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•
Security/Privacy. The security and privacy of information is a key factor when choosing a public
cloud provider. Security and privacy are addressed in various sections of the agreements,
including “Content Responsibilities,” “Security, Privacy and Data Protection,” “Privacy Policies,”
and “Customer Obligations.”
Acceptable Use Policies (AUPs)
All of the public cloud providers we reviewed included acceptable use terms for both the cloud provider
and the cloud consumer. For example, the cloud consumer agrees not to install malware on the cloud.
The cloud provider agrees not to violate the intellectual property rights of the consumer. In most cases,
an Acceptable Use Policy is provided as a separate artifact on its own web page. The AUP sometimes
overlaps with, or replaces, the Security/Privacy terms of the Customer Agreement.
Cloud Service Level Agreements
Service Level Agreements (SLAs) are formal documents, agreed on by both parties, that define a set of
service level objectives. These objectives may concern availability, performance, security and
compliance/privacy. However, the analyzed cloud SLAs focused solely on availability and on the
remedies offered if the availability target is not met.
What You Can Expect and What You Should Negotiate
The CSCC “Practical Guide to Cloud Service Level Agreements” white paper [2] prescribes a series of ten
steps that cloud consumers should take to evaluate cloud SLAs in order to compare public cloud service
providers or negotiate terms with a provider. The following steps are discussed in detail:
1. Understand roles and responsibilities
2. Evaluate business level policies
3. Understand service and deployment model differences
4. Identify critical performance objectives
5. Evaluate security and privacy requirements
6. Identify service management requirements
7. Prepare for service failure management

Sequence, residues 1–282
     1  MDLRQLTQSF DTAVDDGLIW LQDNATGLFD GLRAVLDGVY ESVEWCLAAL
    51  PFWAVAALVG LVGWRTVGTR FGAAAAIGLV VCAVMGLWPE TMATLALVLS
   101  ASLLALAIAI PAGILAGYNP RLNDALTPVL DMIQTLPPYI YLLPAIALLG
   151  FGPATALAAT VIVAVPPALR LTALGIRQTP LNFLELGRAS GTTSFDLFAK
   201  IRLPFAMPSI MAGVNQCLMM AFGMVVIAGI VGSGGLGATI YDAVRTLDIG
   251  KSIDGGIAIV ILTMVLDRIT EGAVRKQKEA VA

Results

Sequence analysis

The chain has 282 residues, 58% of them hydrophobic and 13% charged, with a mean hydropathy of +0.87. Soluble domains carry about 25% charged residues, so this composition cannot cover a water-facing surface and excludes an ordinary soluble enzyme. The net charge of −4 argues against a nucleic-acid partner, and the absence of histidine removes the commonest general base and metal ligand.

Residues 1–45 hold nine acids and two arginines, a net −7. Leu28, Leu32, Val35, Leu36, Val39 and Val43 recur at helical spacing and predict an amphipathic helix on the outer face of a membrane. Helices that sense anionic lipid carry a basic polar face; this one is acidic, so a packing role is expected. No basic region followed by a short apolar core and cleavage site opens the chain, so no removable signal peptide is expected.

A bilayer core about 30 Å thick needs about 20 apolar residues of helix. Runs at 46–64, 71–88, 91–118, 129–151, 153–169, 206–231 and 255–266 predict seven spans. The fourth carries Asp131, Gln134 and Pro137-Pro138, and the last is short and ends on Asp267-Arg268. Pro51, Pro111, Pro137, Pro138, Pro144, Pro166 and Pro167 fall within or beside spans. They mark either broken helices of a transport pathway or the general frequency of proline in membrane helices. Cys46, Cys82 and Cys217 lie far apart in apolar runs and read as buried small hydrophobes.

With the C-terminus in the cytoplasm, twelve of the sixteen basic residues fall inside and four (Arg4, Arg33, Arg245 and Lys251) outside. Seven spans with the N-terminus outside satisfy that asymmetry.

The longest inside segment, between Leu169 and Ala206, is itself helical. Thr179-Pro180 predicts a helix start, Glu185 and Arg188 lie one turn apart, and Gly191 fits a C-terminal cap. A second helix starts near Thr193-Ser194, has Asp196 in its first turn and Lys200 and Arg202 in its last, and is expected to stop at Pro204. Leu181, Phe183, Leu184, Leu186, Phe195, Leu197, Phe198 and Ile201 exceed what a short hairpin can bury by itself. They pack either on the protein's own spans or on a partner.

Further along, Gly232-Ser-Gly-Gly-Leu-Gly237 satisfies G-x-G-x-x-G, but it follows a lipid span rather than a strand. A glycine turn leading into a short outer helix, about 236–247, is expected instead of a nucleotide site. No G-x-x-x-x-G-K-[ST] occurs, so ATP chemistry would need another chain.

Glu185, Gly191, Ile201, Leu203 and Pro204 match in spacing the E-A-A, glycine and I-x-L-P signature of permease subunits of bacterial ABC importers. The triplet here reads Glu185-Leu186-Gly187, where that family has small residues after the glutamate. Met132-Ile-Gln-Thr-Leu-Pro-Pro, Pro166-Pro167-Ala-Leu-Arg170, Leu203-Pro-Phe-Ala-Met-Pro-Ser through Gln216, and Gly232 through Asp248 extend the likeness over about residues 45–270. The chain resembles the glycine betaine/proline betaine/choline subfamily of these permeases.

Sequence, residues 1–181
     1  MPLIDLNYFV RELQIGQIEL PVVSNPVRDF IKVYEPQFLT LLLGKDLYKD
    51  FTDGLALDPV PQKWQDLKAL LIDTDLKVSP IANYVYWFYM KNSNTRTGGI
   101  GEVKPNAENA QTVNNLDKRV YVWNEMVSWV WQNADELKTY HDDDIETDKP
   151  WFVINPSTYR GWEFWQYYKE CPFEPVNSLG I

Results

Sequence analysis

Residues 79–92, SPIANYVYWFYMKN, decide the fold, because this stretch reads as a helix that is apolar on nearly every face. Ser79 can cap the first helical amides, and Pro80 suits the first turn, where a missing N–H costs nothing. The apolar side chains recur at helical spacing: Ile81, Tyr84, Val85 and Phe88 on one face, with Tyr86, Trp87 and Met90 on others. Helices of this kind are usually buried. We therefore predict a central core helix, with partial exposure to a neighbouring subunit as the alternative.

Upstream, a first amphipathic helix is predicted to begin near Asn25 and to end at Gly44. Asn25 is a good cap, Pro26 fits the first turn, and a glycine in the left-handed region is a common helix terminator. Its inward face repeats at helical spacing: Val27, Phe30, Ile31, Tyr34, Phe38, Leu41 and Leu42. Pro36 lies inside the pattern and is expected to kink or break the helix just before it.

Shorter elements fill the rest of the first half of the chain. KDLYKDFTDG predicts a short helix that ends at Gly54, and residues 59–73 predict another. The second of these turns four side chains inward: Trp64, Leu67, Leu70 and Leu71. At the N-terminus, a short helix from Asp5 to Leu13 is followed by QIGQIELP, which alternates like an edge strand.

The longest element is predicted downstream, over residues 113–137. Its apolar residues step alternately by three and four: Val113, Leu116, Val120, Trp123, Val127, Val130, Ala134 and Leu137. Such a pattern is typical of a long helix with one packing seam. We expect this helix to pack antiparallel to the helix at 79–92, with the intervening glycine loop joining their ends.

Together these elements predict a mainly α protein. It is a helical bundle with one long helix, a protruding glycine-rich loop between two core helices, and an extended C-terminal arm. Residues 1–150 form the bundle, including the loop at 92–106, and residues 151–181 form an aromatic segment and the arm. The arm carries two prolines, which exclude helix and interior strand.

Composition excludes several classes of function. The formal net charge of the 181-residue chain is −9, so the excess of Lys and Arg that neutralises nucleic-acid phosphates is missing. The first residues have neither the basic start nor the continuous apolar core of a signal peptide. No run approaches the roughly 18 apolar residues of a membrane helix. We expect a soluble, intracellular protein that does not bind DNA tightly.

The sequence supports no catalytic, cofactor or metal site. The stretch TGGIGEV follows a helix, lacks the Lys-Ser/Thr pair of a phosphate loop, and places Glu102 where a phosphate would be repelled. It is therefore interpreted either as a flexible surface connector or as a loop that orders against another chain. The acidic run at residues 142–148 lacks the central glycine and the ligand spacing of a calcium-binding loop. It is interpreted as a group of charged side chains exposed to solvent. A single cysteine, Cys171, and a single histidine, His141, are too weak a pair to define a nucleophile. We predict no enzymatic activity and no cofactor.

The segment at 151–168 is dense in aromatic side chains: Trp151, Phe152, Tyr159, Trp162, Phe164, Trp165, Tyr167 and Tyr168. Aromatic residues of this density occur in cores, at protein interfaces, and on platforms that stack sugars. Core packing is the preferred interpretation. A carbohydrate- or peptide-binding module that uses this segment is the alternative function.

8. Understand the disaster recovery plan
9. Define an effective management process
10. Understand the exit process
This section uses the same list of ten steps as a straightforward way to complement and extend the
original Guide. For each step, the corresponding subsection describes the range of guarantees found in
the cloud service agreements that were reviewed, highlights best-of-breed guarantees, and provides
recommendations for what consumers should negotiate with their public cloud providers. Example
language from actual agreements is quoted to highlight key points. Assistance on where to find specific
information is also provided for each step (i.e., which service agreement artifact should be examined –
Customer Agreement, AUP, or Cloud SLA).
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Step 1: Understand Roles and Responsibilities
The AUP is the primary artifact that should be thoroughly reviewed by cloud consumers to understand
their responsibilities and those of the provider. AUPs are generally not related to technology or financial
performance of the cloud relationship, but rather govern the valid and invalid customers behaviors
related to using the service.
Although the AUPs that were reviewed contained some common points, each was original to a
surprising degree. Some providers focus more on the illegal usage of their services, such as
inappropriate material or copyright violations, while others are more concerned with abuse of network
bandwidth or overloading the service itself. To put it more simply, some providers are worried about
what consumers do with their service, while others are more concerned with performance impact.
Appendix A contains key observations and actual language examples for the most common aspects of
public cloud AUPs.
Recommendations
When evaluating the Acceptable Use Policy of a public cloud service provider, consumers should expect
the following, and if needed should request clarification.
•
Clarity. Since the terms of an AUP apply to the overall use of the services, and it is difficult to
foresee every possible situation, it is important for the consumer to clearly understand all
aspects of the AUP. You should ask the vendor to clarify, in writing, any items for which there is
confusion or open interpretation.
•
Brevity. Most of the AUPs analyzed were succinct and clear. However, a few were filled with
legal jargon and seemingly duplicate provisions from one part to another. Such lengthy, wordy
provisions were probably never tested in a court of law, and you don’t want to be the first
customer to defend yourself against them.
•
Completeness. While many AUPs covered all the provisions we mentioned in the “Anatomy”
section (content, security, service integrity, and rights of others), some AUPs were missing
certain provisions. For example, one large cloud service provider said absolutely nothing about
the content prohibited on the service, instead relying on vague language that allowed them, in
theory, to deem unacceptable anything they chose. This open language is not in the consumer’s
best interest, because it places the burden of proof on the consumer, and there is no clear